Cam Hoskins (YG 2009)
Alumnus Cam Hoskins (YG 2009) shares his day-to-day experiences in his role as a paramedic.
“It has now been three years since I started my career as a paramedic working with Ambulance Victoria. I cannot believe how quickly the time has gone. I entered this profession to make a difference in the lives of people. I believe being a paramedic helps me to build a good and respectable reputation, it gives a strong career foundation and growth including giving me a huge variety of experiences. It most definitely gives me an extremely strong sense of fulfilment.
As a paramedic I need to show resilience every day, not just at the moment as we all go through what could possibly be a once in a lifetime pandemic. Resilience is the ability to cope with unexpected changes and challenges in your life. Being called in to help someone who is not well, scared and extremely vulnerable can be very stressful not only for me and my partner but also for the families of the patient. We unfortunately cannot prevent this stressful situation from happening but every day my experiences grow, and I feel stronger in my capacity to deal with these challenges.
Moving forward I can only say that to date in Australia have been very successful in reducing the transmission of COVID19. As restrictions start to ease, we as a society need to continue to listen to our politicians and medical experts. We need to heed their advice and continue our physical distancing, keep social activities to a minimum and very importantly keep up with the PPE and the handwashing. Get tested immediately if you have the most minor symptoms. Outbreaks will occur and they will continue to be addressed quickly by case and contact management. To help with this we all need to download the COVID safe app. Continue to stay safe and look out for each other and we will get through this.”
Nicola Hogan (YG 2011)
Since leaving school, I have completed 5 years of undergraduate medicine at Monash University. Currently I am working at Eastern Health as a Medical Registrar, and am preparing for my last exam in Basic Physician Training before specialising.
The hospital has transformed rapidly since March as we test and treat patients with COVID-19. The most dramatic change has been creating new wards and teams responsible for patients who are positive or have been tested for COVID-19. Presently I am working in ICU at Box Hill Hospital where we have looked after several confirmed and suspected COVID-19 patients. It has been a learning experience for all involved, including keeping up to date with the latest medical guidelines and making sure we don and doff protective equipment correctly.
COVID-19 has changed many aspects of our work and has seen an increase in our use of zoom meetings! The hardest part has been the restriction on visitors in ICU (and COVID wards). While patients have a great team of staff looking after them, they do not replace the physical presence of family and friends at their bedside. Whilst we have all seen changes in education across the board, COVID-19 has also changed education in the hospital system. Medical students are now learning remotely rather than being on the wards.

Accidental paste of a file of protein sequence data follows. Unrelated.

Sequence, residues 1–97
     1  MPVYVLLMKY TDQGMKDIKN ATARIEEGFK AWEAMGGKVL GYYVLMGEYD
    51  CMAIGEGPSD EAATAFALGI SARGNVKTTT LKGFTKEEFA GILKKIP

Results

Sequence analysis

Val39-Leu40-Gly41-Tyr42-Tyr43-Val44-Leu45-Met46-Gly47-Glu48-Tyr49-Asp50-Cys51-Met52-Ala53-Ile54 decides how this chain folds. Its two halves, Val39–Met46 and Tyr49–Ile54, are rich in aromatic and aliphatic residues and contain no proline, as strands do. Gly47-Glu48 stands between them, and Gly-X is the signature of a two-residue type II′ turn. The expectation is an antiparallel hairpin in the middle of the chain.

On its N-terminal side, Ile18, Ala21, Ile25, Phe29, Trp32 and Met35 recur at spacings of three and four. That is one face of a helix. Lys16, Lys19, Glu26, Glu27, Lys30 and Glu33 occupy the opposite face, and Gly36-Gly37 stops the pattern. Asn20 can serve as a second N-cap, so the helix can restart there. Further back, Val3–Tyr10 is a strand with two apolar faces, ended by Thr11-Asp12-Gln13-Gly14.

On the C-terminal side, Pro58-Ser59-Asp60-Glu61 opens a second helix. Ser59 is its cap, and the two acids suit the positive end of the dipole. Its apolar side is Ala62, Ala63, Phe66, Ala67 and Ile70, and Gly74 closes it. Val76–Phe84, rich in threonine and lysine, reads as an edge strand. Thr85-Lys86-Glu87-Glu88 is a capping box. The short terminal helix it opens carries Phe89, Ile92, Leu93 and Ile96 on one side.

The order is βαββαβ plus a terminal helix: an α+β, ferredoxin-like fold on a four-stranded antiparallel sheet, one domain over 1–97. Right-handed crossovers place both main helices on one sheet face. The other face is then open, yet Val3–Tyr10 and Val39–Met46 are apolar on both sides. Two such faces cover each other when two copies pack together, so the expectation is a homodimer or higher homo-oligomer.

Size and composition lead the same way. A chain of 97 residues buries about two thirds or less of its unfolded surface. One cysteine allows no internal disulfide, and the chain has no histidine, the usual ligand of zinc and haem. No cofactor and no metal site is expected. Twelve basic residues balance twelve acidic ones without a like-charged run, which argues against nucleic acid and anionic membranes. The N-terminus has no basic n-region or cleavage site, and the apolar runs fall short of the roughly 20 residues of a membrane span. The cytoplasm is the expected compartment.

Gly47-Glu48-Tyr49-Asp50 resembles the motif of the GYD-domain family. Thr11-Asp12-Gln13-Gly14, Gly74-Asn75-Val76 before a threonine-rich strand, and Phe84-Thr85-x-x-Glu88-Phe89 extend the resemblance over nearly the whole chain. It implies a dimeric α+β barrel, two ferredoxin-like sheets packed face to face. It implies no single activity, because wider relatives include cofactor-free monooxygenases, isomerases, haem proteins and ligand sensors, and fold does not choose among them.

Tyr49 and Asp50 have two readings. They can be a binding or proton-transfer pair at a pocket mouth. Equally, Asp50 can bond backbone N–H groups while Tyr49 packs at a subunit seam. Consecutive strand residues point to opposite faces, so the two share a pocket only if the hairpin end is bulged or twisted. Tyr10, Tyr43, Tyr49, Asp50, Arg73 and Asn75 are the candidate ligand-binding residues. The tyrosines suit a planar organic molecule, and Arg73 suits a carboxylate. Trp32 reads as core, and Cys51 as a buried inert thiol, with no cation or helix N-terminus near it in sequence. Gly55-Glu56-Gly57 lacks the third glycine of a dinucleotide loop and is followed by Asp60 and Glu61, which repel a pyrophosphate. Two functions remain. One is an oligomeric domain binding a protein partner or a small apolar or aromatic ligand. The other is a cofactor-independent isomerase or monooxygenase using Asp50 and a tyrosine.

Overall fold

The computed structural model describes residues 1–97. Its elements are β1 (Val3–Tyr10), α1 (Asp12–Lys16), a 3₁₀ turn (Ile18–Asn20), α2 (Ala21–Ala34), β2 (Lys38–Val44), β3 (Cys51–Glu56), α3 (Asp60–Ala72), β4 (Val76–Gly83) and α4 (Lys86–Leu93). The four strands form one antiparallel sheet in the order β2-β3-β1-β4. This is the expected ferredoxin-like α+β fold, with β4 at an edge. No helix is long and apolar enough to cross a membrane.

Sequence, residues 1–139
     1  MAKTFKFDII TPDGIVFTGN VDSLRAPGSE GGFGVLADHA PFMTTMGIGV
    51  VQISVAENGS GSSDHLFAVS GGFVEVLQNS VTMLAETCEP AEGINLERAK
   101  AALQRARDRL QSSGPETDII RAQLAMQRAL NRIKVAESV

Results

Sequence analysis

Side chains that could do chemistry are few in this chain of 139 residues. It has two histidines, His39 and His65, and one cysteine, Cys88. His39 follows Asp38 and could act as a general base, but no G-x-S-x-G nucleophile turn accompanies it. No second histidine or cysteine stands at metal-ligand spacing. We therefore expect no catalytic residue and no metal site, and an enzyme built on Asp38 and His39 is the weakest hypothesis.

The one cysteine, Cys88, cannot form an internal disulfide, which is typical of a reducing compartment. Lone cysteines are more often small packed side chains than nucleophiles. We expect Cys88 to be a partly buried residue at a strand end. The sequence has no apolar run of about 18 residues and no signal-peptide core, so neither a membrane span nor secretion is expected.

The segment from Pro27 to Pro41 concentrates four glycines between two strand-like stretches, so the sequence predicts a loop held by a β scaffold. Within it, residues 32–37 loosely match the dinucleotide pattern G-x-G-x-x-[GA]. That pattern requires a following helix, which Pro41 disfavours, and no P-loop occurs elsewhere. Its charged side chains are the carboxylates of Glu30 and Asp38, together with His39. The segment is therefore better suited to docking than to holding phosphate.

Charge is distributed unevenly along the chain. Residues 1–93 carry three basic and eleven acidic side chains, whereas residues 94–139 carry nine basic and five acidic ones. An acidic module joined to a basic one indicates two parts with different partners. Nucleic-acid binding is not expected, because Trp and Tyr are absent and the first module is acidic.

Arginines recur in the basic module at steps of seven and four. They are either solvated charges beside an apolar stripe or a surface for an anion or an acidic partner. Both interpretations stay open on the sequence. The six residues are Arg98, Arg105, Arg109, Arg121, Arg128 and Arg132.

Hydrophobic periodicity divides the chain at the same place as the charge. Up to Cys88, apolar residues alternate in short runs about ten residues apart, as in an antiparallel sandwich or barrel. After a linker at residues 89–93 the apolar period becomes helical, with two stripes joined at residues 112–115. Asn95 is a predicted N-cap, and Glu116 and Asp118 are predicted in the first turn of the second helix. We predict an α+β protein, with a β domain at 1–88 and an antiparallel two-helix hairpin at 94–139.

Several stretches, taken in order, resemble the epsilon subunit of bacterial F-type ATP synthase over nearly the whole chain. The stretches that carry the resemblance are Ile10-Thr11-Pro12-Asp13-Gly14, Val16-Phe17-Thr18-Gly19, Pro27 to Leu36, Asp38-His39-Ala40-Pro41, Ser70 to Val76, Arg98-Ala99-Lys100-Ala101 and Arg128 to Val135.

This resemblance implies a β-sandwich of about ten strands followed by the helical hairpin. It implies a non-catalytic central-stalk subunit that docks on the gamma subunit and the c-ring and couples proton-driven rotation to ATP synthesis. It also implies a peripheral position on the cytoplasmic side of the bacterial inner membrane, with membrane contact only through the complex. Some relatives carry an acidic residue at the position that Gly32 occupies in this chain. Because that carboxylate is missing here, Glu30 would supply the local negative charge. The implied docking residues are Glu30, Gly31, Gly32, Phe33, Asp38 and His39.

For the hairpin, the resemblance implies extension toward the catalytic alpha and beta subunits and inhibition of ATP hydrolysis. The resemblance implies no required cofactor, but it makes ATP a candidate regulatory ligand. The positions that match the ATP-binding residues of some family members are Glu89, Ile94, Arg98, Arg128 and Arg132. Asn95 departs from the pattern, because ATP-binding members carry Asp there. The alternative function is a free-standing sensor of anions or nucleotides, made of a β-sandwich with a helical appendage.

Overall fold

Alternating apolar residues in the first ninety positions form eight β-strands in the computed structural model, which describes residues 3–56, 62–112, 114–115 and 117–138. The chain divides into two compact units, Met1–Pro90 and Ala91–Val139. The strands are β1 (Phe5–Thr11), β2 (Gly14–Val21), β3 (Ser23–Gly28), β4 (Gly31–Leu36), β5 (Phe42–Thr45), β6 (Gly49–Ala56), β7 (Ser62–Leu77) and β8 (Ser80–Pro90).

We are fortunate in Australia that our politicians and leaders acted so swiftly to prevent the rapid case load we have seen overseas. Everyone has been incredibly supportive of the front line workers and I’ve been really touched by the outpouring of gratitude and generosity from the community and numerous individuals. I would encourage people to continue their great work in social distancing as restrictions ease. It is a team effort and we are all in this together!
Bianca Jackson (Comfort, YG 2007)
Since becoming qualified as a psychologist I have worked in lots of interesting roles, such as consulting on medical wards at a major teaching hospital, and working in an overseas prison with clients facing the death penalty, however, working during COVID-19 has been an equally interesting and new experience.
I am grateful that I have had job security during this time, and have been able to work from the safety of my own home. Thankfully, as a response to the pandemic, Medicare introduced new funding for all Australians to access health services remotely (“Telehealth”). Previously, only people living in certain regional or remote areas could access Telehealth services.
It has been an interesting shift to working remotely, as initially it felt awkward and both my clients and I noted the difference. Over time, however, it has started to become normal and I have been pleased to see how my clients have adapted to the new method of interaction. Some of my clients even now prefer videoconferencing to face-to-face sessions! For some it has allowed them more time back in their day from travelling to appointments, opened up more times for attending sessions, or allowed people to feel more comfortable in their own familiar space when discussing sensitive topics.